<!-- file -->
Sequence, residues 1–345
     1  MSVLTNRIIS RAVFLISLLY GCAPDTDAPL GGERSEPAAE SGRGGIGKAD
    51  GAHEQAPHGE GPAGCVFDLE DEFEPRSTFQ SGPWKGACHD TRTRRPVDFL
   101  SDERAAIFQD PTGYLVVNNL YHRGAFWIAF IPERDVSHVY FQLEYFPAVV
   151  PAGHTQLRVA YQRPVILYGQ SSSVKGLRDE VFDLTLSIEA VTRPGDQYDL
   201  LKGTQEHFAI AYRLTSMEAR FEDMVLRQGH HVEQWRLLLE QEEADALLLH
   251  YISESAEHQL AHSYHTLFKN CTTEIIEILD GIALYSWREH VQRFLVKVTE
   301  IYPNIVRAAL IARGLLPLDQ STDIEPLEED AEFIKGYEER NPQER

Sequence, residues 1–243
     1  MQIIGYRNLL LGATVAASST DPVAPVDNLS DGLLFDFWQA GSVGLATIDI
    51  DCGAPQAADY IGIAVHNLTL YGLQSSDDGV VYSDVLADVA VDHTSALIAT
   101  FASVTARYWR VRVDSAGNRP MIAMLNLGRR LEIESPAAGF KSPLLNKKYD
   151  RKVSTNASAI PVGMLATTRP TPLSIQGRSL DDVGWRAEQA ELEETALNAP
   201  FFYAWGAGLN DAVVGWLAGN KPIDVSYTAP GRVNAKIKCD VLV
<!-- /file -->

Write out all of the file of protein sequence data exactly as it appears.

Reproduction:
Sequence, residues 1–345
     1  MSVLTNRIIS RAVFLISLLY GCAPDTDAPL GGERSEPAAE SGRGGIGKAD
    51  GAHEQAPHGE GPAGCVFDLE DEFEPRSTFQ SGPWKGACHD TRTRRPVDFL
   101  SDERAAIFQD PTGYLVVNNL YHRGAFWIAF IPERDVSHVY FQLEYFPAVV
   151  PAGHTQLRVA YQRPVILYGQ SSSVKGLRDE VFDLTLSIEA VTRPGDQYDL
   201  LKGTQEHFAI AYRLTSMEAR FEDMVLRQGH HVEQWRLLLE QEEADALLLH
   251  YISESAEHQL AHSYHTLFKN CTTEIIEILD GIALYSWREH VQRFLVKVTE
   301  IYPNIVRAAL IARGLLPLDQ STDIEPLEED AEFIKGYEER NPQER

Sequence, residues 1–243
     1  MQIIGYRNLL LGATVAASST DPVAPVDNLS DGLLFDFWQA GSVGLATIDI
    51  DCGAPQAADY IGIAVHNLTL YGLQSSDDGV VYSDVLADVA VDHTSALIAT
   101  FASVTARYWR VRVDSAGNRP MIAMLNLGRR LEIESPAAGF KSPLLNKKYD
   151  RKVSTNASAI PVGMLATTRP TPLSIQGRSL DDVGWRAEQA ELEETALNAP
   201  FFYAWGAGLN DAVVGWLAGN KPIDVSYTAP GRVNAKIKCD VLV